If you look around you on your next commute to or from work, you will observe many eyes being glued to phones and many ears being blocked by earbuds blaring music. The commuters comprise all kinds of readers,digital natives (the millennials and the subsequent generation of individuals who have grown up completely surrounded by computers, tablets, smartphones, and other digital devices) infinitely scrolling on their smartphones (iPad is the new pacifier for babies and toddlers still in a pram), casual readers switching between their phones and a magazine, adults reading or skimming on Kindles, and some serious readers with totally absorbed attention on their print books.
Does this ever worry you? Do you find serious reading challenging because you often read on screen, be it for work or pleasure? Are you easily distracted by other temptations on your devices? Do you find it hard to finish a book? Do you find multitasking rampant while reading on the screen? Does the screen coax you to skim rather than read in-depth? Well, you are not alone in this. Most young and adult readers face these challenges.
There is no doubt that reading matters a great deal. To be able to read is to be able to wholly take part in contemporary society and lead a meaningful life. But it all comes down to why we read, how we read (“deep reading” or “shallow reading”), and the medium we choose for reading. J.K. Rowling, author of the Harry Potter series, in what sounded rather pessimistic, once claimed that ‘‘we should be delighted people still want to read, be it on a Kindle or a Nook or whatever the latest device is.’’ However, looking at our engagement with social media, while commuting to or from work or school, it is evident that we may very well be reading more than ever. But given the inevitability of the destruction of our digital devices, the quality of our reading could be shallow.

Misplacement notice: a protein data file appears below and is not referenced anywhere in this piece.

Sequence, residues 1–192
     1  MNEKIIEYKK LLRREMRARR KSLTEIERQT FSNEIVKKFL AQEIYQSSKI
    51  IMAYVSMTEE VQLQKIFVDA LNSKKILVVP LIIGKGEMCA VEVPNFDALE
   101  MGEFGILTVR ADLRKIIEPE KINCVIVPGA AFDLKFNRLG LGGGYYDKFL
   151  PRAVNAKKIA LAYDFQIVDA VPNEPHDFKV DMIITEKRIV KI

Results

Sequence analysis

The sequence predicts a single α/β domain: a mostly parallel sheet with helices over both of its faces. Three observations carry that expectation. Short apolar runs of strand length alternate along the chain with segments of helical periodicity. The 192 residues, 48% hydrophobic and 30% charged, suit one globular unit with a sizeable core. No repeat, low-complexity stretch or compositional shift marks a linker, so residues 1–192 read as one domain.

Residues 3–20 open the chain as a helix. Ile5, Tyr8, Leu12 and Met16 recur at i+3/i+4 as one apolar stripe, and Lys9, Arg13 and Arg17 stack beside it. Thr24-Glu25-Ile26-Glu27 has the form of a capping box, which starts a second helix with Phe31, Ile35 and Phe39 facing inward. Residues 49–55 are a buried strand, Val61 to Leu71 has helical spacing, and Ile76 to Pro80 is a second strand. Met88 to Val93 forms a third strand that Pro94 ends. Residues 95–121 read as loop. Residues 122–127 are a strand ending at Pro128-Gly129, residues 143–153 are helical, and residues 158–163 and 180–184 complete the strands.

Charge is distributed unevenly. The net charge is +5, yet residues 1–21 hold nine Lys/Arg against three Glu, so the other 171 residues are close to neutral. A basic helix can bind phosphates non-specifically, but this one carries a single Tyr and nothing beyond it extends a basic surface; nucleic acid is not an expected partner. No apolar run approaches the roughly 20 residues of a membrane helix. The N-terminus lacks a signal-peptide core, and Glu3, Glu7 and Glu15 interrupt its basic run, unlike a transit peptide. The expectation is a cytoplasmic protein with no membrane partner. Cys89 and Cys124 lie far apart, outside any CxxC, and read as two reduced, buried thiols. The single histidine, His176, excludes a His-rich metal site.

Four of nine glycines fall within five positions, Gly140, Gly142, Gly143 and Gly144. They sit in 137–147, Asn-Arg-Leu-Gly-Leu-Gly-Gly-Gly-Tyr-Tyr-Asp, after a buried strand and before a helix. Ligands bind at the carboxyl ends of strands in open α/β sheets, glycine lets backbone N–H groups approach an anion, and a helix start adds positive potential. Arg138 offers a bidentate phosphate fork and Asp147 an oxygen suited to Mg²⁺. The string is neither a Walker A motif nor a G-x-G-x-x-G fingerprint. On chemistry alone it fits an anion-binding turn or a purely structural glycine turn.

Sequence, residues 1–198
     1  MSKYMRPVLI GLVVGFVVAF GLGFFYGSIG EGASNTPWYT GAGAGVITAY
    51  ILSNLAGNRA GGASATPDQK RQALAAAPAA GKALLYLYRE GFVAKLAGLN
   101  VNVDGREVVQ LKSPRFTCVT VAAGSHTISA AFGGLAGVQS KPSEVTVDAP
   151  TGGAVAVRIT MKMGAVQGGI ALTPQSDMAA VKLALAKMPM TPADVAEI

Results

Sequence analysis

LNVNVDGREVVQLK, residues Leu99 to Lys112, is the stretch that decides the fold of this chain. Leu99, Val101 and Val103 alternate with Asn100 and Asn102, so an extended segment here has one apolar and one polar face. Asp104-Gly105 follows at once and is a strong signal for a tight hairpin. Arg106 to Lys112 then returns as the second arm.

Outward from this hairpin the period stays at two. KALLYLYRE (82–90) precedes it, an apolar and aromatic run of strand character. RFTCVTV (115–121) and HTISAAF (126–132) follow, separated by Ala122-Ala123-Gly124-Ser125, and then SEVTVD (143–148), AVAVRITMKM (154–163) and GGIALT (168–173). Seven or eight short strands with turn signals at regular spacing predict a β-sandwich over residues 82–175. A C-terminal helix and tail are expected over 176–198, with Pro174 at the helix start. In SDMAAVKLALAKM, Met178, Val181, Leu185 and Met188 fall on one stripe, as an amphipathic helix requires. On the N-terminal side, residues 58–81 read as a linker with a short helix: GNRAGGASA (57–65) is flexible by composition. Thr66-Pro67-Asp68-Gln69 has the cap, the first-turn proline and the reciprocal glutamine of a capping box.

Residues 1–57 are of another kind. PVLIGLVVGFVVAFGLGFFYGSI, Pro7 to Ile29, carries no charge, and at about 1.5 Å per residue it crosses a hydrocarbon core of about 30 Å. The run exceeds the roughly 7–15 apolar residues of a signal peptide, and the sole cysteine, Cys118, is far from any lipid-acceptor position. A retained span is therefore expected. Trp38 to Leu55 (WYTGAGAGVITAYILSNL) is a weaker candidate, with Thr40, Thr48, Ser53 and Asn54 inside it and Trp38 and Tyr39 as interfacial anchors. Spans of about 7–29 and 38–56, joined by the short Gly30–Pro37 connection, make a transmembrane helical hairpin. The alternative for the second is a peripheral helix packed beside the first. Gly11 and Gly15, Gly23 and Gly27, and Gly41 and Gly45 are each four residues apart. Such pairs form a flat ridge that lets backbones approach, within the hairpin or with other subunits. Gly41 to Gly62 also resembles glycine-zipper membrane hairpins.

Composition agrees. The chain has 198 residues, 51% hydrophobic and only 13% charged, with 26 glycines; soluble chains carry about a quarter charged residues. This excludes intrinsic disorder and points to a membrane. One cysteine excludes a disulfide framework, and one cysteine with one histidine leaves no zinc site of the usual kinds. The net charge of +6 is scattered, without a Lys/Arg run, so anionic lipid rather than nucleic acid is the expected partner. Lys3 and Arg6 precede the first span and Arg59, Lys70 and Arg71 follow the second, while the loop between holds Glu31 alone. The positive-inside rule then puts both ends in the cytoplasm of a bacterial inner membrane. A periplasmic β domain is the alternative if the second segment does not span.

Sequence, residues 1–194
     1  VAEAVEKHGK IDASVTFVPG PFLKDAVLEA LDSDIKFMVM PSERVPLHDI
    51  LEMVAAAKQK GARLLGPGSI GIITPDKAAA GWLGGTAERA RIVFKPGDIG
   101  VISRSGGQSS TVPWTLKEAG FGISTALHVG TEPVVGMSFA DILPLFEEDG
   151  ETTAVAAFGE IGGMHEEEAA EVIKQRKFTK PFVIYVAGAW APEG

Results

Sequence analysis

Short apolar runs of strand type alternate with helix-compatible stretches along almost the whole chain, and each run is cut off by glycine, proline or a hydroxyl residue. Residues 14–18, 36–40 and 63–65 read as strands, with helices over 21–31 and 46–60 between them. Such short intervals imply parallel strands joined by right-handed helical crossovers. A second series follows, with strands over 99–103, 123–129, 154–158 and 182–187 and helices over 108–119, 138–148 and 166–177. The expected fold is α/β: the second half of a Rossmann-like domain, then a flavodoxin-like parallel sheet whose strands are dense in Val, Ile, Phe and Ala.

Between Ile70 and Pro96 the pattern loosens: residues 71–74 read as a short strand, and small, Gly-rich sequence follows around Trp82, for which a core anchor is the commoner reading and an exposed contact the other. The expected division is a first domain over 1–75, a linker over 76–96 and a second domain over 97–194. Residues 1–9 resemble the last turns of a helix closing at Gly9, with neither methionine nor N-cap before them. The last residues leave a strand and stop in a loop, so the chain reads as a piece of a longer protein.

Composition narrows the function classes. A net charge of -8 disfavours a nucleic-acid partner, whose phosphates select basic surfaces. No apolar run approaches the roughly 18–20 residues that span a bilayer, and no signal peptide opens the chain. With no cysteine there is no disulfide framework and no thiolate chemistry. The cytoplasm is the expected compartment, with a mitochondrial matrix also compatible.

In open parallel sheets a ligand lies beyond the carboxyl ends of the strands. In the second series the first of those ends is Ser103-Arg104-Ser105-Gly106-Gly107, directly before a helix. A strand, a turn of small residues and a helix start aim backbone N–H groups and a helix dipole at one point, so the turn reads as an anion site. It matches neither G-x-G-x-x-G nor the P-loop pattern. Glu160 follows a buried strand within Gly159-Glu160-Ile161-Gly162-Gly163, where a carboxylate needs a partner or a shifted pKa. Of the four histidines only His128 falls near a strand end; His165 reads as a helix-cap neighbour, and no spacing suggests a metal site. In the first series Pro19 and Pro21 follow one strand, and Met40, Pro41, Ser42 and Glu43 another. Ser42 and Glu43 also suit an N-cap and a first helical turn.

The question, then, is what do we do? Should we throw our phones and computers away and go back in time? Professor Maryanne Wolf, a University of California, Los Angeles neuroscientist and an expert in reading, suggests a more balanced but critical option in which we can benefit from the two worlds. In doing so, Wolf distinguishes between the effect ‘‘deep reading’’ and ‘‘shallow reading’’ have on both adult and young readers. Wolf describes “deep reading” as a sophisticated process to do with empathy, analogical skills, reflection, critical analysis, and insight. Whereas she considers “shallow reading” as lacking depth, often superficial, and characterized by immediacy, distraction, and too many clicks. Theoretically, having so much information at our fingertips should be a good thing. It should help us make informed and smart choices. In reality, however, it seems to do more harm than good. The availability of too much information by itself is not a problem, but it affects our ability to navigate the constant bombardment of information and gives us no time to think critically and reflect. It eventually leads to the decline of sustained attention. As Wolf expertly puts it, “We do not see or hear with the same quality of attention because we see and hear too much, become habituated, and then still seek more.” However, throwing away our smartphones or computers is not one of the solutions she suggests. When you think of what we will lose if we go for the either/or option, and more importantly the extraordinary new capacities that the digital world has brought us, there is surely as much reason for excitement as caution.